It was a tale of two debutants on a fascinating day of Test cricket where ball dominated the bat. Although the final analysis of 13 wickets for 237 runs would suggest a menacing surface, the truth was that a lot of batsmen, especially from Pakistan, were out poking or trying to play expansive drives. New Zealand fared much better with the bat, and held the aces as the first Test moved forward at a breakneck speed despite an entire day being washed out by rain in Christchurch.
Colin de Grandhomme, the Harare-born Auckland allrounder who had previously taken just one five-wicket haul in 83 first-class games, had the best figures (6 for 41) by a New Zealand debutant. It meant Pakistan, sent in to bat, were rolled over for 133. Misbah-ul-Haq, captaining his country for the 50th time, top scored with a typically feisty 31 off 108 deliveries during the course of which he proved it was the top order’s impatience and not a menacing Hagley Oval green top that contributed to their downfall; no other batsman crossed 20.
In reply, Jeet Raval, the other debutant, replacing Martin Guptill, overcame a testing new-ball burst to finish 55 not out as New Zealand recovered from early losses of Tom Latham, Kane Williamson and Ross Taylor to end on 104 for 3, trailing by just 29 runs. Playing late and committing himself wholeheartedly to his strokes, both off the front and back foot, he picked off seven boundaries and looked at ease even as his partners largely struggled; particularly against Mohammad Amir in a probing opening spell that read 6-2-6-1.
Things could have been much worse for New Zealand had Henry Nicholls, replacing Luke Ronchi, not substituted flamboyance for grit and patience to finish unbeaten on 29. The fourth-wicket pair added 64, but in blunting out 19.4 overs, they ensured New Zealand had limited the new-ball damage to potentially make run-scoring a lot easier on the morrow.
The surface demanded patience which Pakistan clearly lacked, as their top order crumbled after a solid 31-run opening stand that frustrated New Zealand. In trying to bowl full and swing the ball late, their new ball pair of Tim Southee and Trent Boult either slipping the ball down the leg side or bowl it full and wide in the first hour as Sami Aslam and Azhar Ali went into their shell, seemingly happy to blunt the new ball.
Then Williamson turned to de Grandhomme’s seam-ups over Neil Wagner’s bustling pace, and the move worked immediately. After two poor overs in which he sprayed the ball, de Grandhomme broke through when he scythed through Azhar’s defence with an in-dipper. The old adage of ‘one brings two’ ensured when Southee, brought back form the other end, sent back Aslam, who jabbed hard to get a thick edge to Raval at second slip.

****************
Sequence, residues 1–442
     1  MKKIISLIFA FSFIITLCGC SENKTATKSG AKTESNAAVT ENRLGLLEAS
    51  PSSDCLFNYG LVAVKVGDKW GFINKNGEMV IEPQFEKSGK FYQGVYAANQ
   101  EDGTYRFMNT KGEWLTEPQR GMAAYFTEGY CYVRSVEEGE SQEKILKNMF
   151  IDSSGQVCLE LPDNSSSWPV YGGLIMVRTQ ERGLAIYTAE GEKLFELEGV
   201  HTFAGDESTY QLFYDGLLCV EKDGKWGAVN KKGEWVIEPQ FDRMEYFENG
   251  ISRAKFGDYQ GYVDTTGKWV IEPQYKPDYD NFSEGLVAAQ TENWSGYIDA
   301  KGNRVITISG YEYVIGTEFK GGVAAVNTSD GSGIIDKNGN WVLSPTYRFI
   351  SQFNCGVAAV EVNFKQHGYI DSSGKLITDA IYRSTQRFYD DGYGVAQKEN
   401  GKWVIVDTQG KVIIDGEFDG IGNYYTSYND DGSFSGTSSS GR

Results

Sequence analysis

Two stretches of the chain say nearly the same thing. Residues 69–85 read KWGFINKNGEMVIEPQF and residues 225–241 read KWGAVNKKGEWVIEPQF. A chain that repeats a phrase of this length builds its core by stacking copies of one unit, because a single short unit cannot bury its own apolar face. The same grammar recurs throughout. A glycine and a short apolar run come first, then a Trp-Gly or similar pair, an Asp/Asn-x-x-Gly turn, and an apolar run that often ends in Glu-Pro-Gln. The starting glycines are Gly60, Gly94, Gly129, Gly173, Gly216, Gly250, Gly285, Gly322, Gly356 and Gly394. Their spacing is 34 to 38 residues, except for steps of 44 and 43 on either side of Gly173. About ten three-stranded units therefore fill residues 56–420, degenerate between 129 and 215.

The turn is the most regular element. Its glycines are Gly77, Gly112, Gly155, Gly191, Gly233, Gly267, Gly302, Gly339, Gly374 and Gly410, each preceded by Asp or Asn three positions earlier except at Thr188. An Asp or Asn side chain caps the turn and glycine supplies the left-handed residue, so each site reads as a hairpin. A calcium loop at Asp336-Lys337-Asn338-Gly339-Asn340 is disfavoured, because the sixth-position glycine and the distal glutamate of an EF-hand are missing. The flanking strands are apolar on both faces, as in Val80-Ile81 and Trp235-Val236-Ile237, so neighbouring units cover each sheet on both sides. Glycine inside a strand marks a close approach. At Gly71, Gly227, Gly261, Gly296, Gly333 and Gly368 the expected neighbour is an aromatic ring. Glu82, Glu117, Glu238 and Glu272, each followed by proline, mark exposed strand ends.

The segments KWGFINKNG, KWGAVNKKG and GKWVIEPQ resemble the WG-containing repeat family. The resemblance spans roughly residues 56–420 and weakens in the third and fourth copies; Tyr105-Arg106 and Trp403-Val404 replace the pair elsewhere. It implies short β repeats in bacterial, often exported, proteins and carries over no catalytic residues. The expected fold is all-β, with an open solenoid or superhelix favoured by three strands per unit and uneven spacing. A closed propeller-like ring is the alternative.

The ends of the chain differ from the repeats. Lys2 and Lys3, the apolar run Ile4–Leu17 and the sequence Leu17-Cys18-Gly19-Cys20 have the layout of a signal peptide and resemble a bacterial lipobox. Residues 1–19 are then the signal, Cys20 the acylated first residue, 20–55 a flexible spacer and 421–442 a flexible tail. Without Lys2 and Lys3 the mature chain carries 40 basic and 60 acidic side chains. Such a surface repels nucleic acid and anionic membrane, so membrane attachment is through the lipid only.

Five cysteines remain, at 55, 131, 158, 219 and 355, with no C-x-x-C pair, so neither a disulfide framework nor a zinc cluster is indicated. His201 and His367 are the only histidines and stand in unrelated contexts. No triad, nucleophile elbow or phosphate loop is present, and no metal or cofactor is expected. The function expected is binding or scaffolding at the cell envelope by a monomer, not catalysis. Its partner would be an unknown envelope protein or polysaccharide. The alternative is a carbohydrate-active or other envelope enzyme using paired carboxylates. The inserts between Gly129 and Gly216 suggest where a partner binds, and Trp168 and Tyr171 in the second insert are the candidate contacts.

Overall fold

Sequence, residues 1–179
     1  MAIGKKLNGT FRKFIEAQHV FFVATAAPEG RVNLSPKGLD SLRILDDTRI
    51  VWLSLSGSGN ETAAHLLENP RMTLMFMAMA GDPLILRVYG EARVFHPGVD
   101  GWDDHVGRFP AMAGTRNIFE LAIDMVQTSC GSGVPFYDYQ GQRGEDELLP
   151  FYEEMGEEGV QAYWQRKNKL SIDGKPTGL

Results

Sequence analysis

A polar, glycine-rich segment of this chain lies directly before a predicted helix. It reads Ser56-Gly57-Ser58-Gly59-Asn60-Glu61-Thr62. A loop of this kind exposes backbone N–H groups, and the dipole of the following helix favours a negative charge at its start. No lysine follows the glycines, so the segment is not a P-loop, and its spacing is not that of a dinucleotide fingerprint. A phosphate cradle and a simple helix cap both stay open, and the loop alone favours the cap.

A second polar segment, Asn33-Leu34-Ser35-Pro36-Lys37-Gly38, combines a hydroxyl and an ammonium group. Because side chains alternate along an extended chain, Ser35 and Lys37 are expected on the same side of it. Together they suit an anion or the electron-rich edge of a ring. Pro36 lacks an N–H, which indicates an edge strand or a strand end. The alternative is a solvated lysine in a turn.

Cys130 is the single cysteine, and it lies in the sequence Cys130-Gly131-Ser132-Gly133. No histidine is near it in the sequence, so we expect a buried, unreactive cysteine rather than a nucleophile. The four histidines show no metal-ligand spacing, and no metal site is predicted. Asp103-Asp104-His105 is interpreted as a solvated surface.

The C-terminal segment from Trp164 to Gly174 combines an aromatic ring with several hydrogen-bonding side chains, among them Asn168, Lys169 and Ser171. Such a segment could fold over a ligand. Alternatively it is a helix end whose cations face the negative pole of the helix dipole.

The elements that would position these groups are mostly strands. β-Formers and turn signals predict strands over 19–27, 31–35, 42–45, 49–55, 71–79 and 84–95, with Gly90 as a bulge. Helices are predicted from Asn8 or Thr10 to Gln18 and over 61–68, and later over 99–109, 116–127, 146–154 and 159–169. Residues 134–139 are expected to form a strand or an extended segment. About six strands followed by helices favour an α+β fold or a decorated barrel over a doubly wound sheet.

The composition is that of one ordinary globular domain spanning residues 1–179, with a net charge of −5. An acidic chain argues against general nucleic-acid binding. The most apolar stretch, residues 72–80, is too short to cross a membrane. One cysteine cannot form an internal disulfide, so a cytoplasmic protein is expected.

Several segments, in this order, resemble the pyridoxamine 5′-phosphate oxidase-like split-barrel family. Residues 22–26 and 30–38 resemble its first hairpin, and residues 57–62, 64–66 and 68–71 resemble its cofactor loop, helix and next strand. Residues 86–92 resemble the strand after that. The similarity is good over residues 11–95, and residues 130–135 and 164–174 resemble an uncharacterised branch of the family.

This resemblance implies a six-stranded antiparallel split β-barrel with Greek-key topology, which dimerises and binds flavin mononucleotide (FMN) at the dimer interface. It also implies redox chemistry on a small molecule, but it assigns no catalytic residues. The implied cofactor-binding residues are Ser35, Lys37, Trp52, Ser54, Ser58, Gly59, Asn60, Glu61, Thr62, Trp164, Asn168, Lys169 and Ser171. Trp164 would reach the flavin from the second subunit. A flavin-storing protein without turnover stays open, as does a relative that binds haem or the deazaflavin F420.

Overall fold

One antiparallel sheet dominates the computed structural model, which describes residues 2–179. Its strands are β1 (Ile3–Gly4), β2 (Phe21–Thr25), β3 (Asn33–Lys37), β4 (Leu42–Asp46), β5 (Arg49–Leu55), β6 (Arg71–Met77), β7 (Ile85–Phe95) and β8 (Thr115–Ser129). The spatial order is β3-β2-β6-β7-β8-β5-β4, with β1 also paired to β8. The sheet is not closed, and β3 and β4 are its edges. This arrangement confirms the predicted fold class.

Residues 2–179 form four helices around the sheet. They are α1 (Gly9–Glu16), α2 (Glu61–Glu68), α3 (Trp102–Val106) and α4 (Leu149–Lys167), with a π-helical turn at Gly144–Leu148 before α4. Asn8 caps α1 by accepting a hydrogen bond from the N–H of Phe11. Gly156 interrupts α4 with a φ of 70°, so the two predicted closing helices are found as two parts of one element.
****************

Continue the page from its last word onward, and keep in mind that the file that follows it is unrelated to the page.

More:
Babar Azam was reprieved on 4, but couldn’t curb his instincts of trying to drive on the up as he was also pouched in the slips. When Younis Khan’s flashy cover drive to a delivery he could have left alone off de Grandhomme was pouched by Raval in the cordon, Pakistan had sensationally slipped from 31 without loss to 56 for 4.
Pakistan slowly rebuilt through a 32-run stand, but the lunch break came to New Zealand’s rescue as Asad Shafiq, demoted to No. 6 after a fruitless stint at No. 3 in the UAE, poked one to gully. Sarfraz Ahmed tried to unsettle the bowlers by walking outside the crease, giving bowlers the charge and play a typically aggressive game. Not even being hit on the helmet by a steep bouncer altered his approach. Eventually a tame waft resulted in a simple catch at gully to a relieved Todd Astle, who put down a chance earlier in the day.
Watching the carnage unfold, Misbah continued to bat on in the hope that he would find some support from the tail. But such was the nature of Pakistan’s collapse that Williamson resisted temptation to give his faster men a break, and go for the kill. Boult and Southee overcame insipid starts to finish with two wickets apiece.
For a while it looked like New Zealand’s top order would match Pakistan’s indiscretions. After Tom Latham was lbw to Amir, Williamson, in particular, fell tamely when he pushed away from the body – neither attempting a punch nor a full-blooded cut shot – to be caught at slip. Ross Taylor, all at sea against Sohail Khan’s late away-swing, was snaffled down leg side to extend his lean patch to 10 innings now to open up the game.
With over 25 overs left, two more wickets then may have tilted the scales Pakistan’s way. That it didn’t was largely due to Raval’s steadfast determination and Nicholl’s grit that capped off an eventful day.